There are a few easy steps you can take to check for bed bugs in your home (especially around your bed).
First, if you’re not using a mattress cover, then lift up your bed sheets every month or so and look for any dark or brownish spots or stains in the corners and around the seams of the mattress. That’s where bed bugs like to hang out and lay eggs.
Using a simple contraption like a Climpup device or even something simpler like just some double-sided tape on your bed legs, you can catch bed bugs climbing into or out of your bed. This is useful to do even if you use a mattress cover as bed bugs can also lodge in wood or in corners or cracks of walls or furniture.
If you find any signs of bed bugs, then please check out our page on how to get rid of bed bugs so you can quickly and effectively get rid of them.
Traveling is one of the easiest ways of picking up bed bugs unsuspectingly and bringing them back into your home.
In particular, you should check any hotel beds you sleep in (do the same mattress check that’s described above). This simple check can save you a ton of hassle later on.
Place your luggage on tiled floors, on the luggage rack, or else in the bathroom as those are locations where there’s less chance bed bugs will be resident. Also, use hard cover luggage if possible as you can easily wipe down those with some rubbing alcohol when you get home to ensure that no bed bugs or bed bug eggs are lodged on them.
When you get home from a trip, wash all the clothes you took using hot water and then dry on a hot setting. If you traveled home via plane or bus, then also take a shower to wash off any bed bug eggs that may have gotten on you. This will kill most bed bugs and bed bug eggs that might have gotten transferred onto you or your clothes. Wipe down everything else with some rubbing alcohol as this will also kill bed bugs.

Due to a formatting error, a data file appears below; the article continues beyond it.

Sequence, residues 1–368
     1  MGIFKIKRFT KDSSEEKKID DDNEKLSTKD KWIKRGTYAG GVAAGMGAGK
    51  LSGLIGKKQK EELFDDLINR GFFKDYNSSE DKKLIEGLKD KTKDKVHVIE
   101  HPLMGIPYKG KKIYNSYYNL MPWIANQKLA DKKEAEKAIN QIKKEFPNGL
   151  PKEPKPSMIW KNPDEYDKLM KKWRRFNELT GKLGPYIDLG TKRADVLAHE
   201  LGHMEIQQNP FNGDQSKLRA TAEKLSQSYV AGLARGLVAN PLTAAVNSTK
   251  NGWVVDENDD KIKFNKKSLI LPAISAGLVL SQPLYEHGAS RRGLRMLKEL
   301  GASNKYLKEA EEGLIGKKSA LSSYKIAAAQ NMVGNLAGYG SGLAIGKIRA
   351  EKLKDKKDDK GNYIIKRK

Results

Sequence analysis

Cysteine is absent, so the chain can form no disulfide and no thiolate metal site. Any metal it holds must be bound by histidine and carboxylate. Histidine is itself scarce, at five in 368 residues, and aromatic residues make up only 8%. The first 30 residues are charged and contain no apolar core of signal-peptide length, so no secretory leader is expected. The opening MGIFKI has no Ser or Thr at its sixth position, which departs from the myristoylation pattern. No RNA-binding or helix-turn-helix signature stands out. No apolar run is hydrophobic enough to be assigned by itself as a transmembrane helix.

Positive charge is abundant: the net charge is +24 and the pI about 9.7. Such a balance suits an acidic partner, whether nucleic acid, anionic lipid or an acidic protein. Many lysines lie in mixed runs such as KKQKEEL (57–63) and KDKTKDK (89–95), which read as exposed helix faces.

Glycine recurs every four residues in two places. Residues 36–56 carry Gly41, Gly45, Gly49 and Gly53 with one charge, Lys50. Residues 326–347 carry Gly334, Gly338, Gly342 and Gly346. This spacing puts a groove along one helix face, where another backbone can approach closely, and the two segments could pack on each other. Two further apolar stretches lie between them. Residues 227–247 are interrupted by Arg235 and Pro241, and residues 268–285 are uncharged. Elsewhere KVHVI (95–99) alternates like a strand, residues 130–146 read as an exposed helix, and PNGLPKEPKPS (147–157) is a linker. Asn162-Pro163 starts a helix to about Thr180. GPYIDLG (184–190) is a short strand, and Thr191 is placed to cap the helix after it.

If you regularly check whether you have bed bugs at home or not, then if bed bugs do appear, you should be able to catch the infestation very quickly. This will mean you can pretty quickly kill them all off and resume your life.
However, since bed bugs are rather resilient and very good at hiding from you, we still recommend you put into place a comprehensive treatment plan. This will include using a dry steamer to kill bed bugs and bed bug eggs on your carpet, mattress, sofas. Then, we recommend washing all of your clothes and bed sheets with hot water and drying them on the hottest temperature possible. Bed bug sprays can be used for protection against any new bed bugs that are born, but we actually recommend using diatomaceous earth instead as this is a safe and natural dust that can be spread in your home and is very effective at killing bed bugs.
If you throw away any of your furniture (e.g., mattresses or beds or sofas) because they’ve been infested with bed bugs, then please do the world a favor and label it clearly as containing bed bugs. That way, unsuspecting people looking for cheap furniture won’t take it by accident and thereby help spread bed bugs even further.
When you get bed bugs, most of us will want to vacuum our home first. This is a good initial method to use to get rid of bed bugs, but you must take care to seal the vacuum bag after. Many bed bug eggs may have been sucked up by your vacuum, and you’ll want to make sure those don’t hatch into bed bugs and then come and re-infest your home. A safe method is to place the vacuum bag into a plastic bag and then to seal that plastic bag with tape. Then, we suggest washing your vacuum cleaner pipes with hot water and wiping down the inside sections with rubbing alcohol. Some people also suggest housing that vacuum cleaner in a separate sealed plastic bag and only using it to deal with bed bug issues. This is a good method of preventing re-infestation.
We hope this bed bug history article has been informative and will help prevent the further spread of bed bugs around the world.